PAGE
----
However, it should be noted that the solved rates for this type of offence in the UK are typically in the order of 1%. Any meaningful analyses of offenders would therefore require a large dataset covering a long time-period.
Readers may be interested to know that in British Columbia (Canada), a regulation was enacted in 2006 that requires urban petrol stations to implement mandatory pre-pay systems at night. This regulation is known as “Grant’s law”, and was proposed following the death in March 2005 of petrol station attendant Grant De Patie, who was struck and killed when trying to prevent a motorist from making off without paying for $12 of gasoline.
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We thank Anthony Dixon, Graham Farrell, Shannon Linning, Nick Tilley and two anonymous reviewers for their comments on earlier drafts of this paper.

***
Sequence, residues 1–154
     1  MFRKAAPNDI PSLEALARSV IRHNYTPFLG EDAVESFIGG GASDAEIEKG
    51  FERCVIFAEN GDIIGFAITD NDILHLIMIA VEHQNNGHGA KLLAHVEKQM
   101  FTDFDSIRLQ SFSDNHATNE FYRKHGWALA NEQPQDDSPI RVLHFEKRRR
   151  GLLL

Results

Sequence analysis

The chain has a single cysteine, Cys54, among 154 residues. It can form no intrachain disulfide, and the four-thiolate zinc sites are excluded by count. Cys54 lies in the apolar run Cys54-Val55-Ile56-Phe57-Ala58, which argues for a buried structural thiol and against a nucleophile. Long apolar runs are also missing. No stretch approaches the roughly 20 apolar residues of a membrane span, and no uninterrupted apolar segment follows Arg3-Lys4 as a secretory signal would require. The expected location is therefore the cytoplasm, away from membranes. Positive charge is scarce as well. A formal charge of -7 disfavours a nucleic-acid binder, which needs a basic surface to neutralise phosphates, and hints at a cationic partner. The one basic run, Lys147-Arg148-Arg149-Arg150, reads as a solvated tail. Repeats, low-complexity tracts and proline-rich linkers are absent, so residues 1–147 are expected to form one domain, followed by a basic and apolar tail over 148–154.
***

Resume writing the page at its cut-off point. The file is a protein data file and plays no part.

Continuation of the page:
This study was not funded.
The authors declare that they have no competing interests.
Springer Nature remains neutral with regard to jurisdictional claims in published maps and institutional affiliations.
Do some petrol stations experience more petrol drive-offs than others?
Across the 6 police force areas covered in this study, there were 35,729 bilking incidents in which the location was recorded (98% of all offences). These incidents occurred at a total of 1375 petrol stations. Appendix 1 shows the distribution of bilking offences across these petrol stations. Consistent with previous research (Eck, Clarke and Guerette, 2007; Chainey, 2021), bilking incidents are found to be unevenly distributed across petrol stations. Most stations experience few drive-offs and a few are disproportionately affected. The most targeted petrol station reported 515 bilking offences. Across the entire study period, 11 percent of petrol stations (n = 153) accounted for half of all police recorded bilking incidents (n = 17,907).
See Fig. 4.
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Sidebottom, A., Agar, I. & Kurland, J. Do increases in the price of fuel increase levels of fuel theft? Evidence from England and Wales. Crime Sci 12, 7 (2023). https://doi.org/10.1186/s40163-023-00182-7